My experience with the Auber Brew Buddy 50-amp kit

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May 1, 2023
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Note: hope this sort of post is okay. I'm new here and couldn't find any rules about appropriate topics.

After deciding on a full HERMS upgrade, I bought the Auber Instruments Brew Buddy II for HERMS Control Panel Kit (240V 50A 12000W) about a month ago. I quickly realized I needed to either smarten-up or find help but didn't find a lot of on-line resources. Auber themselves only provide a wiring diagram and a fast-motion video of one of their pros putting together the 30-amp version. (Took me a bit to realize that little nugget). So I thought I'd share my experience here and open myself up for anyone else who might have some questions about this specific DIY kit.


Assembling the kit is not too difficult with the right tools. Take your time, think everything through twice and be prepared to read up a bit on how electricity actually works. The sweet spot of this kit is someone who doesn't want to spend the extra $500 to have a pre-built kit, but who has a decent experience with electrical work. However, I feel that that person probably knows enough to design their own control panel, sourcing only the parts and features they actually need. The quality of components is great, but my particular kit shipped with a few extra parts it shouldn't have and was missing the engraved panel tag for the wort pump on/off.

Reason I bought the kit

I wanted 50 amps. I'd recently installed a 50 amp car charger in my garage and decided that I could imagine all sorts of scenarios in my HERMS build where I'd want to fire both burners at once. I read a lot on-line and knew I could build my own panel much more cheaply. I don't need a lot of bells and whistles. My experience with electrical work went no further than prior installs of a houshold light fixtures and ceiling fans. So I read and found many online guides for 30 amp builds. I thought I was smart enough to adapt what I'd seen there to 50 amps but, in the end, I just didn't have the confidence I'd done it right. Was I using the right contactors? Why were they putting a fuze in front of some components and not others? Water and electricity can be problematic and I just ended up wanting the security of a design someone else had worked through. Even though it had alarms and buzzers I'll never use.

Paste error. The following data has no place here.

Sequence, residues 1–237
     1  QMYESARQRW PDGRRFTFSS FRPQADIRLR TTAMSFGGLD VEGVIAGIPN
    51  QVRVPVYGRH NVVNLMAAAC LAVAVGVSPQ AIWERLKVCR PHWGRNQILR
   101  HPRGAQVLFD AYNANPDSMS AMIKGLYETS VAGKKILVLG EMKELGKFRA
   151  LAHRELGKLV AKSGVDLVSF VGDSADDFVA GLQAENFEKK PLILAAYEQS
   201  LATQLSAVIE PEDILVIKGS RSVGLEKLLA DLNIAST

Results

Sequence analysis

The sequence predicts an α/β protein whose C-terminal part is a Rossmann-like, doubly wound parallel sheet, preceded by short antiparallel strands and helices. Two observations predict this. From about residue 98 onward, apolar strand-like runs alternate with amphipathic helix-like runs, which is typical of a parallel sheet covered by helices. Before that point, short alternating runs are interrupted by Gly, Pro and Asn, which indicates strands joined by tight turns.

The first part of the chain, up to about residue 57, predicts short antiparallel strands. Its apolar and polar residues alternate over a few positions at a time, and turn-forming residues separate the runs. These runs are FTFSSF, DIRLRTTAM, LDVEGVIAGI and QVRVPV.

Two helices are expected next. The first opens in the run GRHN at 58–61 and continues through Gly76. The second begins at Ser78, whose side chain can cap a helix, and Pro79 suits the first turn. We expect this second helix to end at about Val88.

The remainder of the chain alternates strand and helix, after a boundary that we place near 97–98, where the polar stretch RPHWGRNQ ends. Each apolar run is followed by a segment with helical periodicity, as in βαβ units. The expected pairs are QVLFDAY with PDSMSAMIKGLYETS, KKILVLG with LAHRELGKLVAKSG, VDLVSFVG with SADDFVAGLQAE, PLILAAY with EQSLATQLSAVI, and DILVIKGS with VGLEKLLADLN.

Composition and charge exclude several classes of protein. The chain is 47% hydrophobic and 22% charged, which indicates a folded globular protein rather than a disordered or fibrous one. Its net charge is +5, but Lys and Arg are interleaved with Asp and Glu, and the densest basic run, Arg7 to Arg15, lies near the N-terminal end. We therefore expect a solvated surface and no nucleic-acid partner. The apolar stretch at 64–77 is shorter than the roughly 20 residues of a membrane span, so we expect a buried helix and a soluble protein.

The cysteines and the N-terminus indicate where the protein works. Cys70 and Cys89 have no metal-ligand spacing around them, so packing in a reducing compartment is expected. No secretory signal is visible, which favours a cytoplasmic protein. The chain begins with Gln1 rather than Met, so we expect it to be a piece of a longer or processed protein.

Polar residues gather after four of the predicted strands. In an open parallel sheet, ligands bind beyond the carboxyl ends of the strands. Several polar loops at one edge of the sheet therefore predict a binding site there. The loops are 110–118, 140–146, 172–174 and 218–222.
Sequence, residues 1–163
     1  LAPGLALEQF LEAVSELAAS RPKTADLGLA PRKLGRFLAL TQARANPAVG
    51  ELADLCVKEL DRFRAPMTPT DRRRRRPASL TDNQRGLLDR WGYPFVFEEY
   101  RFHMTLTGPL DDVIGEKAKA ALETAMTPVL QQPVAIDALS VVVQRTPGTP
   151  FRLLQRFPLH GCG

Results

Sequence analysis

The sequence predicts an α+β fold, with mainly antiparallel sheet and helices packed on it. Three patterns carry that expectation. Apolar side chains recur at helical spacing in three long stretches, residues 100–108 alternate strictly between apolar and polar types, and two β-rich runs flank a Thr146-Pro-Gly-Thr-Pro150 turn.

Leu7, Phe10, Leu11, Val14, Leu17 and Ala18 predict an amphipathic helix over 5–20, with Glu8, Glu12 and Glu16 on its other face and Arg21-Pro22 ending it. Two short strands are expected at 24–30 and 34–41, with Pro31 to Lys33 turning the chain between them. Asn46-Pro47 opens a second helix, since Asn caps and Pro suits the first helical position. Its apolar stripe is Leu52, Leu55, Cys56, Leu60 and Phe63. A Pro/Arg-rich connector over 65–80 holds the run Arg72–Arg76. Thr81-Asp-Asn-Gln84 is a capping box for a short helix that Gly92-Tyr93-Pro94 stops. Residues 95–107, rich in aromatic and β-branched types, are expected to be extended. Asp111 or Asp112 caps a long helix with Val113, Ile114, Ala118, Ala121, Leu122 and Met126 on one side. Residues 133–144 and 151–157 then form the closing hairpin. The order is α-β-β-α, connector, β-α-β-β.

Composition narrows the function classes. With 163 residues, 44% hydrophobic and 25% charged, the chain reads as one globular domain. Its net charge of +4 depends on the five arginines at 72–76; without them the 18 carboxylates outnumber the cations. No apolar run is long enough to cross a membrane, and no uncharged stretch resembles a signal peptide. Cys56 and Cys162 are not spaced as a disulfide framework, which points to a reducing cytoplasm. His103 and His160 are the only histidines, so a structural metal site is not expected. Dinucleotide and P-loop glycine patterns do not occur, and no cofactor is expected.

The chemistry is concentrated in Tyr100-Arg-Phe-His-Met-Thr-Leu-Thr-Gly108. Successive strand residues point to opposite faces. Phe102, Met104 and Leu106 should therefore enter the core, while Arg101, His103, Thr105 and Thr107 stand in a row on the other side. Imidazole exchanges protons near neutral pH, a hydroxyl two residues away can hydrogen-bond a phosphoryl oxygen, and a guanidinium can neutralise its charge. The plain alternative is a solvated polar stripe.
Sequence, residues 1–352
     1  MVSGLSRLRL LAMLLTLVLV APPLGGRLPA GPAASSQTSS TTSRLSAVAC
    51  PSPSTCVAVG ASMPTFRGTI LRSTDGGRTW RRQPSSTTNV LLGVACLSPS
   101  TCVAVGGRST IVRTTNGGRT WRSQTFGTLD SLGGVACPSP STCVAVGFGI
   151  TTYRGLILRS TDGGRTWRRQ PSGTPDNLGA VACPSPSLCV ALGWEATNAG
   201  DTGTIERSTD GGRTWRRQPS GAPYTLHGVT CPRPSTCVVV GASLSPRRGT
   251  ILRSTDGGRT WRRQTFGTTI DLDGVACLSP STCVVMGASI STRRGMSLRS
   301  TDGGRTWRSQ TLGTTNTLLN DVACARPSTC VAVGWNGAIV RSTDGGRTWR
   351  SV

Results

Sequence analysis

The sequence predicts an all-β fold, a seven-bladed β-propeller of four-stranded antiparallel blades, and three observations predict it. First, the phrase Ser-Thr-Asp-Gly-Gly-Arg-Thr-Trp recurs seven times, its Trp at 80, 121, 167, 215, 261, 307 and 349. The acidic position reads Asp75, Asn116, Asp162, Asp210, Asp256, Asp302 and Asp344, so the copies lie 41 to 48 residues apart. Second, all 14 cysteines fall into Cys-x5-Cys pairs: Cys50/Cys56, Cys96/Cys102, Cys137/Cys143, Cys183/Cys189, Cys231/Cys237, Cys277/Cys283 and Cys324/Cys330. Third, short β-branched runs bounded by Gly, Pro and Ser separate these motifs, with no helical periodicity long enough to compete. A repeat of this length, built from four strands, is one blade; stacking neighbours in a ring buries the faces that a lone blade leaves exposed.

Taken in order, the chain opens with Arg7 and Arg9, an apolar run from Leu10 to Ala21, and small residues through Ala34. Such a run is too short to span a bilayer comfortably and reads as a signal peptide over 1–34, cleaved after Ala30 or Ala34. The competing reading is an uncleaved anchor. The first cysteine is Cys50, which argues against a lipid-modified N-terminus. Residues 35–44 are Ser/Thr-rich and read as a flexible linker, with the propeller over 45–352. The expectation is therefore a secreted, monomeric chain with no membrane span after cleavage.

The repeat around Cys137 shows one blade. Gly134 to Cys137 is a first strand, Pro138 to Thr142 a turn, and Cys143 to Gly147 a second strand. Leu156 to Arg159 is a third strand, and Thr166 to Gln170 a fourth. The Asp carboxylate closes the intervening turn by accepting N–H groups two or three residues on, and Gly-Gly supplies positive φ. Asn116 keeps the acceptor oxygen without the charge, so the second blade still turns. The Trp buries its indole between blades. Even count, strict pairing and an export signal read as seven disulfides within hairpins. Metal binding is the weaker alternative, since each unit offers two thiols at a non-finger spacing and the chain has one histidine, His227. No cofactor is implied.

Actual assembly

I had a lot of anxiety during assembly as I'd never done any electronics work remotely this complicated. Without step-by-step instructions, I decided to watch the example video over and over again at 25% speed. That was actually rather effective, though the video was for the Brew Buddy I 30 amp version. But it gave me an order to go in and I was able to follow the wiring diagrams well enough.

There were a couple of odd short-hands in the wiring diagrams that I was able to figure out by thinking it through long enough and a couple of other non-obvious things, (like how the switch components stack), but I got through it by going slowly.

I had a lot of anxiety around wire lengths. I had no idea how much spare they gave. As it turns out, for the big, fat, low-gague wires (6 and 10 AWG) they gave plenty. I came close to using up all of the white and black 22 AWG wires but I could've cheaply bought more of that. Still, making those first cuts, without really knowing how much slack you should give sucked a bit.

I can't stress how much using the right tool helps. I started the job with cheap wire strippers and crimpers. I ended it with semi-auto strippers and ratcheting crimpers. So much less stress. I also bought myself a new soldering iron and a clip/clamp kit, although I only had to solder 4 things. I ended up with so many bad crimps from my non-ratcheting crimpers that I ended up using all of the provided 22-guage fork crimps and more. Fortunately, my new crimpers came with some and I got through it.
Tip: I created a Google docs spreadsheet of every single wire connection and marked as I went whether I had connected it. It's easy to forget what you've done when you have 110 wires to connect. This also made it easy for me to go back and test continuity of everything at the end with my multimeter. I had a very good idea that everything would work and it did on the first try.


It's not obvious, but the pre-cut-out enclosure box is not pre-drilled for the screw-holes you'll need for all of the sockets (power and XLR). I did a pretty poor job of drilling these holes and ended up with a fairly amateurish looking bottom side of my control box.

Also on the gotcha side (for me, at least) was not understanding some of the power socket options. I had bought a lot of stuff prior to receiving the kit and I ended up with the wrong plug adapter for my pumps. Read specs carefully and understand all the different NEMA variations.

Finished product

It looks beautiful and I'm very proud of myself for getting through it. I'm one brew in with it and everything I care about works. I don't know if the alarms and buzzers work because I don't / won't use them.

Closing thoughts

This product isn't for everyone. I feel that most people who have the going-in knowledge to build this without stress are the same people who can design a control panel that only does what they want it to and can save some good cash. But the product is undeniably good (so far) and I now know enough about electronics that I could probably design the right control panel for me if I needed to.

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